Unity: The Latin Tribute to Michael Jackson features the King of Pop's hits reworked as salsa tunes, and producer and arranger Tony Succar felt sure his album would be a top contender for a prize at this year's Latin Grammys.

But, on the eve of the nominations, he has learned the project was never even in the running for an award, because members of the Latin Recording Academy considered the album wasn't Spanish enough.

Succar tells Billboard.com, "I don't know how much more Latin the project can get."

A spokesman for the Latin Academy says, "The recording in question is 75 per cent English...10 of the 12 tracks were recorded in English."

Succar has contested the decision in an email to Latin Academy president Gabriel Abaroa, protesting the disqualification and criticising the members for counting the number of Spanish and English words in his album's songs to determine whether or not it was eligible.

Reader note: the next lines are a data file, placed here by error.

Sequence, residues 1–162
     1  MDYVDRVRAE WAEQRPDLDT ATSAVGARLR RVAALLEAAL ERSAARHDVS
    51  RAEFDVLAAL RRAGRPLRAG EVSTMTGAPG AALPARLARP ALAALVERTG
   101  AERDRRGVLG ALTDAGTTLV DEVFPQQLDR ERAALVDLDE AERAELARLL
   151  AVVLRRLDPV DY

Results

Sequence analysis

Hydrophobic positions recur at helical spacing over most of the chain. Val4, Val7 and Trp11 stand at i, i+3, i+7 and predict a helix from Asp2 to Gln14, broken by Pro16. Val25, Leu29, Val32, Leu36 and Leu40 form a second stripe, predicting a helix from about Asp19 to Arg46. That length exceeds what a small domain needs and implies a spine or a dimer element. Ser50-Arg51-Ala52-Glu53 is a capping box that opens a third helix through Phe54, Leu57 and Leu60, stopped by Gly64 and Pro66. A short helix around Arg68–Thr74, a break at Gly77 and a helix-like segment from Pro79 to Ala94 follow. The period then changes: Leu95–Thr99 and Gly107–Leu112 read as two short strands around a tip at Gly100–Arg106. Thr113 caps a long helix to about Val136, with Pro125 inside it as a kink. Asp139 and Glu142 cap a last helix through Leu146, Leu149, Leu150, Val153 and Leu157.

He writes, "Uh-huh huh huh huh - this was counted as four English words. Since when are the words uh and huh considered as English words? To my defense, who says that the singer or background singers are singing 'uh'? If you sound it out, you'll actually hear 'ah'. If this is the case, then isn't 'ah' supposed to be considered a Spanish word? When I recorded the song, I made the singers sing 'ah'... and then 'ooo'... but trust me, I definitely was not thinking, 'Hey, is this Spanish or English?'

"I would like to ask you to please take a step back for a minute and analyze the situation from a more musical perspective, rather than such an obscure arbitrary procedure. For us to have to sit down and literally count word by word to prove a point...which is supposed to be a musical point, this is something I would have never thought in my wildest dream we would ever have to do in order to qualify for a Latin Grammy pre-nomination, especially when dealing with a project where everything about it is Tropical/Latin. Please use the instrument we all use in order to feel the music, our ears."